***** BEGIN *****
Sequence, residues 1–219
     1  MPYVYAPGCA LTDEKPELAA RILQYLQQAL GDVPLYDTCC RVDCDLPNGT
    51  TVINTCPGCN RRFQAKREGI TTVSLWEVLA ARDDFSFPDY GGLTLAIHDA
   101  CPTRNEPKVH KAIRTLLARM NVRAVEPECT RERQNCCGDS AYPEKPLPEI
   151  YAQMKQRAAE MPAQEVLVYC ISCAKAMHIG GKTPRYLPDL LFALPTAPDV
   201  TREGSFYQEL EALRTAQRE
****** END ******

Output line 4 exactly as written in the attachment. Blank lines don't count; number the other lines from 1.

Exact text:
   101  CPTRNEPKVH KAIRTLLARM NVRAVEPECT RERQNCCGDS AYPEKPLPEI